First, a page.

Trumpet Discussion Discuss high alititude, breathing in the General forums; It takes about ten days for your body to fully acclimate. Red blood cell count increases, and your blood will ...
It takes about ten days for your body to fully acclimate. Red blood cell count increases, and your blood will try to thin out a bit. All this takes more water, so be sure to drink more than you think you need. The (usually very) dry air also dehydrates you worse than normal... Watch for headaches or stomachaches that could indicate a touch of altitude sickness (you'd probably know by now). The most important thing to do is to drink more, and I mean water!
If your breathing is working right, don't change and you'll be fine. I actually find it easier to play out here than down low (the high humidity is a challenge). Enjoy the mountain views! Drive Independence Pass if you get the chance (closed just a week or two ago -- due to snow!)
For the mute situation, either borrow one, buy one from a local store, or stuff cotton balls into your straight mute.
HTH - Don
Mezzo Piano User
Used to play gigs at Aspen on weekends, come down to Denver and had loads of capacity! Just relax and take an extra count to inhale, let the air drop to the bottom of the lungs.
You automatically play higher up there anyway......
Thanks for the tip about the difference between Aspen and Denver. I guess I never really realized that, Toots.
Hey, David, one little correction: there is no such thing as "the bottom of the lungs" when it comes to airflow. Because of the way the lungs are constructed with bronchial and alveoli branches, the air enters the lungs in a more equalized way than most people, especially wind players and singers, realize. We get fooled abdominal movement due to diaphragmatic contraction but the "water into a bag" analogy isn't true.
Mezzo Forte User
Originally Posted by Don Herman
I have been drinking tons of water. I was getting headaches the first few days, nothing a few aspirin wouldn’t fix. (and beer )
We came in on independence pass. Mapquest didn’t tell us it would be scary as hell! My friend was driving my car, I wake up and were on the side on a huge mountain with no guard rail. I got some great pictures though : http://jonathanstites.cjb.cc/aspen/
The breathing is getting better, I have been doing breathing exercises, don’t know if they have helped much.
I thought about the cotton balls, but I only have one srt mute with me. I have to use it on the Mahler 1 excerpt also. So i guess i will play it about mp and hope its ok.
Mezzo Piano User
Right you are, Manny. I know air flows to all portions of the lungs but "to the bottom of the lungs" is just a visualization that can encourage players to take a breath deeply. Allen Vizzutti uses this phrase and it can trigger a full open breath. Not one of those literal "here's exactly how this goes" kind of thing. I like to listen to the sound the air makes as you inhale, "OOH" sound almost inaudible so you hear there's no friction happening against the inhale.
Originally Posted by Manny Laureano
Originally Posted by dbacon
I was working with a student on exactly that yesterday and it's wonderful what a difference that made for him with everything... articulation, evenness of sound. It's like Charlie says, "Trumpet playing is so difficult because it's so simple".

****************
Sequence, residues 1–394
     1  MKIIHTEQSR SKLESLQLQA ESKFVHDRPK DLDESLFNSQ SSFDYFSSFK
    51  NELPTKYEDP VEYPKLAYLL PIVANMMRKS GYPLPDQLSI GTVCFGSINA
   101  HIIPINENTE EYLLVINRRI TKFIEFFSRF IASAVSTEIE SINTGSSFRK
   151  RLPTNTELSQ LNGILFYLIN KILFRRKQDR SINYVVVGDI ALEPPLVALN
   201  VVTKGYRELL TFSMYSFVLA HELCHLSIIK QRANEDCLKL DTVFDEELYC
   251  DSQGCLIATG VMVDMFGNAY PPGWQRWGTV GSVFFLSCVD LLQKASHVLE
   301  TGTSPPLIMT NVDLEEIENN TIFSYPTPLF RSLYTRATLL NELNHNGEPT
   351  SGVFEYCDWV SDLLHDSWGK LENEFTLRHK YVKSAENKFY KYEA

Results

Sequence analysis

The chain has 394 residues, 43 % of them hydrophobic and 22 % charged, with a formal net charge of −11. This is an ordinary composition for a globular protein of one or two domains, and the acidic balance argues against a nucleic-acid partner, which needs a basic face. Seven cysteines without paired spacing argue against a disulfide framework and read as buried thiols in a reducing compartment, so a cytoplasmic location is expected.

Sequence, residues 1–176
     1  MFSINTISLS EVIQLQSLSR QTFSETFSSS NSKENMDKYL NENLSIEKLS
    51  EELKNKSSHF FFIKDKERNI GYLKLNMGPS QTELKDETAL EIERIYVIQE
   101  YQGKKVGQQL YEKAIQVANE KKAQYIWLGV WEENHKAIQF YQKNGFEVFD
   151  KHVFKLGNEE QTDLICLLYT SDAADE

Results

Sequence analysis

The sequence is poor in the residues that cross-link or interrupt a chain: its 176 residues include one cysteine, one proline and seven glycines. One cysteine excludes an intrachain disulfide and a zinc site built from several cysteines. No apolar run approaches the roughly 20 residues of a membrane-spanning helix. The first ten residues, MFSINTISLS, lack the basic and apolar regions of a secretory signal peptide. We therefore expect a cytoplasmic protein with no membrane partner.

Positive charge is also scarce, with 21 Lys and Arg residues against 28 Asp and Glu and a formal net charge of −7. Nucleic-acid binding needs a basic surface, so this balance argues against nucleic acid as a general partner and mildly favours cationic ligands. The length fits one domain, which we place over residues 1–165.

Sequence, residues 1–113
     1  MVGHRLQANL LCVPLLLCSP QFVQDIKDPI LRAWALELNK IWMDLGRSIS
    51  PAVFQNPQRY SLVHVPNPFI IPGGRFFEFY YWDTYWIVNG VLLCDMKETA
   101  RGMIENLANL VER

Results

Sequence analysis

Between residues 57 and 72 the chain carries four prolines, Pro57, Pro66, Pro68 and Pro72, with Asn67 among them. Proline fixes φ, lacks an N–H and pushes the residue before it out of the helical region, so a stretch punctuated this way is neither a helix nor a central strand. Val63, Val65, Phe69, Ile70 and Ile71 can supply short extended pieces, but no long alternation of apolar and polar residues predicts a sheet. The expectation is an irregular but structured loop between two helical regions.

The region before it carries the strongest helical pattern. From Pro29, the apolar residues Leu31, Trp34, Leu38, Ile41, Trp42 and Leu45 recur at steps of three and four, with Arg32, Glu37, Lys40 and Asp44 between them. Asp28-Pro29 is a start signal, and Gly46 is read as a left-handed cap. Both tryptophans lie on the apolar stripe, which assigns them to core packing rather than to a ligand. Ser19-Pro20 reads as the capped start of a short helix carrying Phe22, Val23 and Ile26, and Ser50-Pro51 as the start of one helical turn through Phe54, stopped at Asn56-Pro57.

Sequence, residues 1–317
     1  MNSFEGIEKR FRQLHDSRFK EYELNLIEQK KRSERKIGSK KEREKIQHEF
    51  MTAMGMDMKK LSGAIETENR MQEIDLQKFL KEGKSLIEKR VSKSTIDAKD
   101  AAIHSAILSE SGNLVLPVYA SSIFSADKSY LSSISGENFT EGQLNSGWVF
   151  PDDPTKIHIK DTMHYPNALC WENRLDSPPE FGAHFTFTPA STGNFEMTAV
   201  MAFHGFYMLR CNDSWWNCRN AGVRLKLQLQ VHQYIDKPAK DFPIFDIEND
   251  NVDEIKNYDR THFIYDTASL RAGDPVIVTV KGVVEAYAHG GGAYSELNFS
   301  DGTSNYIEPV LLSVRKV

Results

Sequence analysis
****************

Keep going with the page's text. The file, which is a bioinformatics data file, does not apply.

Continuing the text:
Manny Laureano wrote:
Or perhaps, and better still, since I have less air to begin with and have always focused on being a smart breather, maybe that's what got me through..
Can you shed some light on the comment that "I have less air to begin with"? Could this be due to being smaller in stature? (btw, I root for the Muggsy Bogues' and Earl Boykins' in us all as I am only 5'6") I am curious to learn as much about breathing, posture, and the like as I can. About 5 years ago I studied with a former student of Arnold Jacob's. I have been making sure to make note of my posture and practice proper breathing, support, and posture ever since. How does one breathe "smarter"? Thanks for the help!
"Expecting the world to treat you fairly because you are good is like expecting the bull not to charge because you are a vegetarian." - Dennis Wholey.
Originally Posted by etownfwd
I've never had a huge capacity like many of my colleagues so I took to heart something Arnold Jacobs said to me. He said that since his vital capacity was reduced that he had to become more efficient like a violinist who is using a shorter bow! That made much sense to me. I take many more breaths than most of my colleagues when playing Petrushka but i don't lose the sound or pulse because I've learned to take the maximum breath in the shortest amount of time I can.
I just learned to change my "bow" more fequently without disrupting the flow of music. You have to have a concept of how you wqnt a phrase to sound and then use the available breath to make the phrase sing. Some of the most unmusical players I've heard have been folks with the biggest lungs because they just play until they're empty simply because they can without regard to how a phrase needs a beginning, middle, and end. You need to a thinker, a storyteller, as Arnold used to love to say, and have it all equal a musician.
Don't you rotate parts? That's how it was when I was there ('98). You would play different parts in all of the orchestras exept never principal in Festival (Lou Ranger) or Chamber (Ray Mase) Orchestras. So even if you ahd a bad audition, they will get to hear you enough over the 2 months that they will have a better knowledge of your playing.
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